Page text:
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01.12.2017 | Research article | Ausgabe 1/2017 Open Access

BMC Psychiatry 1/2017

Operationalization of diagnostic criteria of DSM-5 somatic symptom disorders

BMC Psychiatry > Ausgabe 1/2017
Nana Xiong, Yaoyin Zhang, Jing Wei, Rainer Leonhart, Kurt Fritzsche, Ricarda Mewes, Xia Hong, Jinya Cao, Tao Li, Jing Jiang, Xudong Zhao, Lan Zhang, Rainer Schaefert
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Electronic supplementary material

The online version of this article (https://​doi.​org/​10.​1186/​s12888-017-1526-5) contains supplementary material, which is available to authorized users.



The aim of this study was to test the operationalization of DSM-5 somatic symptom disorder (SSD) psychological criteria among Chinese general hospital outpatients.


This multicenter, cross-sectional study enrolled 491 patients from 10 general hospital outpatient departments. The structured clinical “interview about cognitive, affective, and behavioral features associated with somatic complaints” was used to operationalize the SSD criteria B. For comparison, DSM-IV somatoform disorders were assessed with the Mini International Neuropsychiatric Interview plus. Cohen’s к scores were given to illustrate the agreement of the diagnoses.


A three-structure model of the interview, within which items were classified as respectively assessing the cognitive (B1), affective (B2), and behavioral (B3) features, was examined. According to percentages of screening-positive persons and the receiver operator characteristic (ROC) analysis, a cut-off point of 2 was recommended for each subscale of the interview. With the operationalization, the frequency of DSM-5 SSD was estimated as 36.5% in our sample, and that of DSM-IV somatoform disorders was 8.2%. The agreement between them was small (Cohen’s к = 0.152). Comparisons of sociodemographic features of SSD patients with different severity levels (mild, moderate, severe) showed that mild SSD patients were better-off in terms of financial and employment status, and that the severity subtypes were congruent with the level of depression, anxiety, quality of life impairment, and the frequency of doctor visits.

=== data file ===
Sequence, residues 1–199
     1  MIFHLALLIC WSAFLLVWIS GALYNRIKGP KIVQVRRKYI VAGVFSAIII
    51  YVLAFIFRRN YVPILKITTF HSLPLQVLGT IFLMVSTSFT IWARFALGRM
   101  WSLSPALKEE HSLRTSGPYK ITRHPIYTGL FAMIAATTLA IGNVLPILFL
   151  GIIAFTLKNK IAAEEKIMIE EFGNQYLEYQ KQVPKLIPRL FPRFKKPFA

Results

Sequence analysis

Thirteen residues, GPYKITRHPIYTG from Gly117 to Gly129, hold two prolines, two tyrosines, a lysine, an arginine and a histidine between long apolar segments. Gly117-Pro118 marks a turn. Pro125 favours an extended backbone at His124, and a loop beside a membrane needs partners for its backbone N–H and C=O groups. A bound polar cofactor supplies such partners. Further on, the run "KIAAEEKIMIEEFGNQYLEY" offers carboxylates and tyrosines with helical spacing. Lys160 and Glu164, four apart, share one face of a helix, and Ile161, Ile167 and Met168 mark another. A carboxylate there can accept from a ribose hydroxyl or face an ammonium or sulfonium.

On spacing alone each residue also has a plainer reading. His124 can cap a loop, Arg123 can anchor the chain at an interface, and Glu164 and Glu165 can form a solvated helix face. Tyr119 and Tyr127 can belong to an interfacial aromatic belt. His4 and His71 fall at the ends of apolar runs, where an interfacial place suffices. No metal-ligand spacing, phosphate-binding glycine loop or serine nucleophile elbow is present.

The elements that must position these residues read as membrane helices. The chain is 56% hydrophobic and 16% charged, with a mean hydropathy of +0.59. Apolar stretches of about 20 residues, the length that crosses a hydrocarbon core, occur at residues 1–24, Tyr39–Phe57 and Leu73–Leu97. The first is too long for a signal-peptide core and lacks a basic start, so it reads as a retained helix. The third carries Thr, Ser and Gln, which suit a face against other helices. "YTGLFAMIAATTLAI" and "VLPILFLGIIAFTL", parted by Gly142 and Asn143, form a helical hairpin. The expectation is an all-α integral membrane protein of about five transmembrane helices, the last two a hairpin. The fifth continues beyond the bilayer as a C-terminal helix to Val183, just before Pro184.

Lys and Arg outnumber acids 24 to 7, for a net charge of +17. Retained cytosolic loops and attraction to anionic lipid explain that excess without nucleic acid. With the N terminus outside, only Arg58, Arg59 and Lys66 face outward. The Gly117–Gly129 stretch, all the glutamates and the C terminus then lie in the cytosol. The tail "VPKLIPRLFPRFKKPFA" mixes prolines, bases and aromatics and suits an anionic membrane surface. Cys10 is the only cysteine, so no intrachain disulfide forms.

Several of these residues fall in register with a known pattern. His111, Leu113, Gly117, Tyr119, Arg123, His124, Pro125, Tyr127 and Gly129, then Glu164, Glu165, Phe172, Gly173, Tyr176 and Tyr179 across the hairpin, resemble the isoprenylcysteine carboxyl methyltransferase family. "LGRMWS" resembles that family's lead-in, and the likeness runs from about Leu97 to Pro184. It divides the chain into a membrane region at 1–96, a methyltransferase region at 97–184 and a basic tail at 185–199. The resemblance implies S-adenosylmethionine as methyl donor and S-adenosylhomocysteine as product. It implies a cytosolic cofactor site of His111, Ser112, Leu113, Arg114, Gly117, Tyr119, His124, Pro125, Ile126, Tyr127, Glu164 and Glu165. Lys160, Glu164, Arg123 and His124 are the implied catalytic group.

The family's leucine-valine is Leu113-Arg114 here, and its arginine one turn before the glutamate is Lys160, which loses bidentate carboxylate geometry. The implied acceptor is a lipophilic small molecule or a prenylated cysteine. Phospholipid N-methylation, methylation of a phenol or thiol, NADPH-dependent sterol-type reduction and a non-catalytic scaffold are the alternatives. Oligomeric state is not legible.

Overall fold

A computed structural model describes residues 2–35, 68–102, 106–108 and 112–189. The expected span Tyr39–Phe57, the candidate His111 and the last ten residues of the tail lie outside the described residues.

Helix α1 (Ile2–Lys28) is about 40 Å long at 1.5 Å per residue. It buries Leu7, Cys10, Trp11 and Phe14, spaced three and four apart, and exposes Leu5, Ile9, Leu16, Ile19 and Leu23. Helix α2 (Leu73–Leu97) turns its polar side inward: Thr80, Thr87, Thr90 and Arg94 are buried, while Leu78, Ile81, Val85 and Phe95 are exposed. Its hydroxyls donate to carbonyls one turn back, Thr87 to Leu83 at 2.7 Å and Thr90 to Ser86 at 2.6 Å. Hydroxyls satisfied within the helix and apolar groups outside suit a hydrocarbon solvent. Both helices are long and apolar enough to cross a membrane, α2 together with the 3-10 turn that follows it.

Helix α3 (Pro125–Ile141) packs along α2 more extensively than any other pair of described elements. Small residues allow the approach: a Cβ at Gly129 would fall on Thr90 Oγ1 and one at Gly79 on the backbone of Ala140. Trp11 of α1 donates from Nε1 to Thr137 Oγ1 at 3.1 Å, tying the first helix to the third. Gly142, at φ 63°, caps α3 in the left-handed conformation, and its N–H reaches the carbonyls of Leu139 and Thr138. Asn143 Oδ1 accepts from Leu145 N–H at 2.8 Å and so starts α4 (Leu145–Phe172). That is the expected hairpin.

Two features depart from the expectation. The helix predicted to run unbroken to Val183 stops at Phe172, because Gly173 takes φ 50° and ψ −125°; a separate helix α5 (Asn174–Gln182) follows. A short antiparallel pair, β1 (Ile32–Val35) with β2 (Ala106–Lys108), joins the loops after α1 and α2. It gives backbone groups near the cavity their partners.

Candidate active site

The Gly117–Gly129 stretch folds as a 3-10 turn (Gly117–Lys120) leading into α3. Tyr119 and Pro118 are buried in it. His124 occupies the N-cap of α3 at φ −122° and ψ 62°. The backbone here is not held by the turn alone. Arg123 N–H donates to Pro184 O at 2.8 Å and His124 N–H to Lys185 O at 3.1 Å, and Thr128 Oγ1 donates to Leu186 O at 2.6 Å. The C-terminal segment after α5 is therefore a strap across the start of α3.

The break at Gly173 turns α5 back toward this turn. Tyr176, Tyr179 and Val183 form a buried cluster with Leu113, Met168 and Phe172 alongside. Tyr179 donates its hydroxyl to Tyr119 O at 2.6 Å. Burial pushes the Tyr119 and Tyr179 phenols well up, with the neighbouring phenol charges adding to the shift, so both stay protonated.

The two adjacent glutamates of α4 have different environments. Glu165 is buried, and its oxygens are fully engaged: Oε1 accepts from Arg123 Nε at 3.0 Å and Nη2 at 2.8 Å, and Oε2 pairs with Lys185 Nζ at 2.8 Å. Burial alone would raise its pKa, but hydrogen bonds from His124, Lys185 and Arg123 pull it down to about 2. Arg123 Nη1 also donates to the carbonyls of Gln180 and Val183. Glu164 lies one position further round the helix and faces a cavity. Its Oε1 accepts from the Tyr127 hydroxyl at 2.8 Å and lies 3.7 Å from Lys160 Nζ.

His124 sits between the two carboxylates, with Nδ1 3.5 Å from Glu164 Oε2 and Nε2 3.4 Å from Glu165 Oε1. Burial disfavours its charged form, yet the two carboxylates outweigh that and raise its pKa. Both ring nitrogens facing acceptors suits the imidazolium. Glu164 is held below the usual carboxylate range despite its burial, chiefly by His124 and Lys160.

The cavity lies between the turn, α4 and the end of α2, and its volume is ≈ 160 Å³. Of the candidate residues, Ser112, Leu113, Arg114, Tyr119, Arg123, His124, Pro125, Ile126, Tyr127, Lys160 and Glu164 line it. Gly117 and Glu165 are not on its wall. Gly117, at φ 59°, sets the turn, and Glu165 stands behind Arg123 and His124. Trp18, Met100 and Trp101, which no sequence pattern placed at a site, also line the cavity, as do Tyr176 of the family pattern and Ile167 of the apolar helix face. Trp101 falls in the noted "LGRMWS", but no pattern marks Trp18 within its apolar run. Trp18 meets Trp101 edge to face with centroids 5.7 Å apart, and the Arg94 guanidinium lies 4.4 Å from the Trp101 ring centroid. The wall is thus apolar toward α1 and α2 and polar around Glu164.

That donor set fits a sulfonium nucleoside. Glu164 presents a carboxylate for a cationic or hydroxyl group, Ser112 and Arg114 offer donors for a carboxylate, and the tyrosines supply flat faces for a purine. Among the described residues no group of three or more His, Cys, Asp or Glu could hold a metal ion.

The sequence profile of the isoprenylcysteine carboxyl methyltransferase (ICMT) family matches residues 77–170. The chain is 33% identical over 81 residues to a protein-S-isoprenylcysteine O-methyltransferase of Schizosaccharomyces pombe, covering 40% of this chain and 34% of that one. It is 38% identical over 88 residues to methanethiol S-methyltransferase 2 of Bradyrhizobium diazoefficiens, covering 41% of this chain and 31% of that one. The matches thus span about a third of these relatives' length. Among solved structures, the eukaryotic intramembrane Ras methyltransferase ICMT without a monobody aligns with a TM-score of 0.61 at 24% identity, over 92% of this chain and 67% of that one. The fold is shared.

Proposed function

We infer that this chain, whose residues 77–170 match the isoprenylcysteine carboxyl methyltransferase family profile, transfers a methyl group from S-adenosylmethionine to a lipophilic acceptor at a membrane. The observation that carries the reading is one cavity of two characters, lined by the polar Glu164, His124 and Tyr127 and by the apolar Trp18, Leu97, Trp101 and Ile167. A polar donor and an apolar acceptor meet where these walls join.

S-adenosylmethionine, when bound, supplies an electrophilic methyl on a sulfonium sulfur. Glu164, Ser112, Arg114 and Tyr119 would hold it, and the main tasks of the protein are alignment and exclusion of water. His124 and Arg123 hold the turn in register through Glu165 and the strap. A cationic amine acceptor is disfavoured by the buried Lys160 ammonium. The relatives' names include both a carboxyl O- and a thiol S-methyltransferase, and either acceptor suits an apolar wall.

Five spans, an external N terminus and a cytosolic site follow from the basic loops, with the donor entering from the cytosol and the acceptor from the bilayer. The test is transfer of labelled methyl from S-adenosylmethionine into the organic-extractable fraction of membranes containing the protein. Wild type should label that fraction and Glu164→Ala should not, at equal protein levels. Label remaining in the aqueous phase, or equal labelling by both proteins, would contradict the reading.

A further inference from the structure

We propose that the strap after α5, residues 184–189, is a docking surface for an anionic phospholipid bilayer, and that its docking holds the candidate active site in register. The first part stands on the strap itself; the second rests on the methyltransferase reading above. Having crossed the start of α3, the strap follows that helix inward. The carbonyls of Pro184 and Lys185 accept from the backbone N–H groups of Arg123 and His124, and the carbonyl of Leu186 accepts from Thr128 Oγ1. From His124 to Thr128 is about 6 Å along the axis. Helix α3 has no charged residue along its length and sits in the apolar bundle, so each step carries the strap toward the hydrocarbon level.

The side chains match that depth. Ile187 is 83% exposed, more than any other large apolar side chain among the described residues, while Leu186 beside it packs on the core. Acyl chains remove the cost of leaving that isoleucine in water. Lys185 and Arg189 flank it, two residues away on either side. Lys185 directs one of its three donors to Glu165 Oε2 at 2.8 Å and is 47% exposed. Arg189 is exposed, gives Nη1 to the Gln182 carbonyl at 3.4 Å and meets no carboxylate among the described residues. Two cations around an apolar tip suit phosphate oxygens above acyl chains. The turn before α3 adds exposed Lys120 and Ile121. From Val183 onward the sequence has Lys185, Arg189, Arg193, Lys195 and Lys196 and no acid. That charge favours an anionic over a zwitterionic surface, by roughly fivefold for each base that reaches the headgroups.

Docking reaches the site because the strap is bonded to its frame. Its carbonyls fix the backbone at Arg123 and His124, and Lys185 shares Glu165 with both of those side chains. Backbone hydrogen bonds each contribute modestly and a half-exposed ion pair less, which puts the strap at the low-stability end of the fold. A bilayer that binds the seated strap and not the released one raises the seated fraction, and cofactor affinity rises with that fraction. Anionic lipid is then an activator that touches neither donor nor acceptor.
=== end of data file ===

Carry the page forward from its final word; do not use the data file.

The operationalization of the diagnosis and severity specifications of SSD was valid, but the diagnostic agreement between DSM-5 SSD and DSM-IV somatoform disorders was small. The interpretation the SSD criteria should be made cautiously, so that the diagnosis would not became over-inclusive.
Additional file 1:Table S1. Item loadings and the item and subscale level of the interview. The table presented the content of the ICAB interview, each item loadings, and the item and subscale level (of the SOM+ and SOM- subgroups and the total sample). (DOCX 26 kb)
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